Fast and slow rings receive January build simultaneously
A couple of days after its much talked about “Windows 10: The Next Chapter” event and over two months after the last official preview release, Microsoft on Friday rolled out a new Windows 10 Technical Preview build to the Windows Insider Program. A lot has changed from the last build, with the January Technical Preview containing many new features and apps (including some that are a bit too incipient to be of any real use at this stage).
There's a lot of buzz and excitement surrounding Windows 10 at the moment, which is understandable since Microsoft just finished revealing a bunch of extra details at a scheduled press event. However, if you direct your attention to Microsoft's Lumia Conversations blog, there's a bit of a buzz-kill for Windows Phone owners. Specifically, Microsoft said that not all Lumia Windows Phone 8 devices will see an upgrade to Windows 10, even though it previously said they would.
We tried Microsoft's augmented reality demo and couldn’t stop smiling
Many suspected that Microsoft would toss its hat into the virtual reality headset game. After all, Oculus VR was successful enough with its Kickstarter campaign that Facebook ended up purchasing it for $two billion, and longtime console rival Sony jumped into the fray not long ago with its Project Morpheus. While Microsoft did reveal its own head-mounted display, the HoloLens isn’t competing in the VR space, but is instead paving new paths for augmented realities. We got a chance to try it ourselves and you’re probably wondering, “Is it any good?” Simply put, if it's executed correctly, it has the potential to be transformative.
UPDATE: We've updated the story to include more info on Microsoft's PC gaming initiative and talked more about the tweaks to Windows 10.
Microsoft held a Windows 10 press conference today and revealed a massive amount of details from the upcoming OS and much more. After many rumors, Microsoft confirmed that Windows 10 will be free to Windows 8, 7, and Windows Phone users...for the first year, at least. The company views it as an incentive for users to quickly jump on board to the Windows 10 platform. Beyond the year, however, Microsoft hasn’t revealed any pricing details for how much the OS will cost.
Stop whatever it is you're doing and make a fist. Make sure there isn't a living creature within arm's length, and when the coast is clear, pump your fist in the air in celebration. What are we celebrating? The fact that Microsoft today confirmed plans to make Windows 10 a free upgrade for Windows 7, Windows 8.1, and Windows Phone 8.1 users! This is exactly the type of announcement we were hoping for, but didn't really think would happen.
Company trying to get rid of multiple sync engines
Microsoft drew the ire of many Windows 10 Technical Preview testers when Build 9879, which was released in November, was found to be missing a key OneDrive functionality: “smart files”, which are offline placeholders containing thumbnails and metadata of OneDrive files. At the time, the company said the feature had been withdrawn in response to consumer feedback and some key parts of placeholders could return once it was done making “fundamental improvements to how Sync works.” A few days back, the company outlined its OneDrive improvement plans much more clearly.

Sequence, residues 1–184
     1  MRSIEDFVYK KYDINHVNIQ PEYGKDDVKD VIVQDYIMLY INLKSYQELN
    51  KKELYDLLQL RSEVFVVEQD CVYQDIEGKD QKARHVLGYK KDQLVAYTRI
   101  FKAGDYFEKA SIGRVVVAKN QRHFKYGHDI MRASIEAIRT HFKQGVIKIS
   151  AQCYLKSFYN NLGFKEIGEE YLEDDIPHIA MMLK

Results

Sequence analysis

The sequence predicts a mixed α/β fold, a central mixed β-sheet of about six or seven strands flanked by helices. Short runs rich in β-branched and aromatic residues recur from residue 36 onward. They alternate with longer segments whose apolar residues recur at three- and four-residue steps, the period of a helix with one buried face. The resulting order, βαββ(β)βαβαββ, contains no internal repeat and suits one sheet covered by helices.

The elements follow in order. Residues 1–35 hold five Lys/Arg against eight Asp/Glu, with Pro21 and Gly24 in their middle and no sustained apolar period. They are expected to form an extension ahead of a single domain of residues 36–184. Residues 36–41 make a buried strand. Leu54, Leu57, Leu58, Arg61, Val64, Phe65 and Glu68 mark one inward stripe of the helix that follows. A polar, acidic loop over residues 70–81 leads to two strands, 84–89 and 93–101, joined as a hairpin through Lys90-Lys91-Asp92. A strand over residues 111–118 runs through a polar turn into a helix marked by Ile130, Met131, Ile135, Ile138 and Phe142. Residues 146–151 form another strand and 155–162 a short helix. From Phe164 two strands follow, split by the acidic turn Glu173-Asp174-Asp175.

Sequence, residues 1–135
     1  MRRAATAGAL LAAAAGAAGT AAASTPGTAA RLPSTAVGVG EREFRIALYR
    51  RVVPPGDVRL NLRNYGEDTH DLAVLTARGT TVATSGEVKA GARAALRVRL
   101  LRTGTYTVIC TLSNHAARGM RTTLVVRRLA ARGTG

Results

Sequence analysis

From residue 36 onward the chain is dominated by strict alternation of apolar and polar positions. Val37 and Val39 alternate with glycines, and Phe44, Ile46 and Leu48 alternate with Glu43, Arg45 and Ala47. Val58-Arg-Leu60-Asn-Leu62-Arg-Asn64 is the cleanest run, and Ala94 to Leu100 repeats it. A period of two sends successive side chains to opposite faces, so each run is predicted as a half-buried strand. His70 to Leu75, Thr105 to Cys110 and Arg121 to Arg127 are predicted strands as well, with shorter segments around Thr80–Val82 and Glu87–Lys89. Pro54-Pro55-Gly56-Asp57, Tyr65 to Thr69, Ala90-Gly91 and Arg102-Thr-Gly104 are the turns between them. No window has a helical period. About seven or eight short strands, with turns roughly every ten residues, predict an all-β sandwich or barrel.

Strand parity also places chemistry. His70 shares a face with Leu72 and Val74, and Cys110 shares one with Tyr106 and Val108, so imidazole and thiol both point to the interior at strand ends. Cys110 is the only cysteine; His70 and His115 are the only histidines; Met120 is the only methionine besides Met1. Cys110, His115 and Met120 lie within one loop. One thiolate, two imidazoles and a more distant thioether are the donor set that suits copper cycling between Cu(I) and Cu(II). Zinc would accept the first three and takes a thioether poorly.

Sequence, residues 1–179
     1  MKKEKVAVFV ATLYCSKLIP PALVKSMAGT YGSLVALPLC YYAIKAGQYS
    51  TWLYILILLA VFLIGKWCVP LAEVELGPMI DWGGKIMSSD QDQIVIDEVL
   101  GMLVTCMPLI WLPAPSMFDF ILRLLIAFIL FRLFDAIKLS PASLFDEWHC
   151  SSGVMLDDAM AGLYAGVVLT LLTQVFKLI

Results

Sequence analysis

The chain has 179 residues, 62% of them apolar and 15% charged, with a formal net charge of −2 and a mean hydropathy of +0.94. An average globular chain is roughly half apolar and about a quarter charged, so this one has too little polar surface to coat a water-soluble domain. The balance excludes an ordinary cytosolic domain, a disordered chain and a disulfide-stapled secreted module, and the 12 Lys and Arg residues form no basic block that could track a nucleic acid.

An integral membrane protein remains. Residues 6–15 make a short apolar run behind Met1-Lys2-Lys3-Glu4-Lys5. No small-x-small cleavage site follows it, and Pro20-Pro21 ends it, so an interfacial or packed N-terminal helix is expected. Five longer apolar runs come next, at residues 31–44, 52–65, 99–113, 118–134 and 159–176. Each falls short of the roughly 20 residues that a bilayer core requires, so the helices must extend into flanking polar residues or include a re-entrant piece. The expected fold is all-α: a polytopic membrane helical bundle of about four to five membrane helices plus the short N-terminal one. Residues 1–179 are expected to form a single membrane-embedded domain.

Rumored features include digital inking support and tab grouping
Microsoft has a special press event scheduled for January 21, when it will finally turn the spotlight on Windows 10’s consumer-specific features. Chances are Microsoft could end up formally announcing the new "Spartan" browser, which we first heard about late last month, at the upcoming event, though it’s hard to say anything with certainty at this stage. Well, it may or may not figure on the upcoming company’s agenda for the event, but Spartan has already gotten the tech media buzzing.
The reason Microsoft is rolling with Windows 10 instead of Windows 9 for its next major operating system is because the changes are so dramatic, it warranted a generational leap in naming the product. That's the official story Microsoft wants us to believe, anyway, and while there are alternative theories -- like lazy coding -- there are parts of Windows 10 that are truly shaping up to be vastly different than Windows 8/8.1. That includes the browser, and word on the web is that Microsoft is rolling out a new vehicle for surfing through cyberspace in Windows 10.
Looking back at another wild year in the tech sector
Two years ago, the world was supposed to end, based on the Mayan calendar. And last year, we heard about the death of the PC ad nauseam. Of course, neither of those things happened, setting up yet another event-filled 12 months of technology news that ran the gamut from a major security flaw affecting nearly every website on the Internet, to Blizzard announcing its first new PC game franchise in 17 years, plus a whole lot more.
PC vendors are not sure what to expect from Windows 10
Trying to predict the PC market is like to trying to forecast the weather a month in advance -- it's a crapshoot, basically. So, we're taking it with several grains of salt that PC vendors are reportedly doubtful that the Windows 10 launch next year will stimulate demand for replacement systems. One reason they feel that way is because of the lingering rumor that Microsoft may make Windows 10 a free update.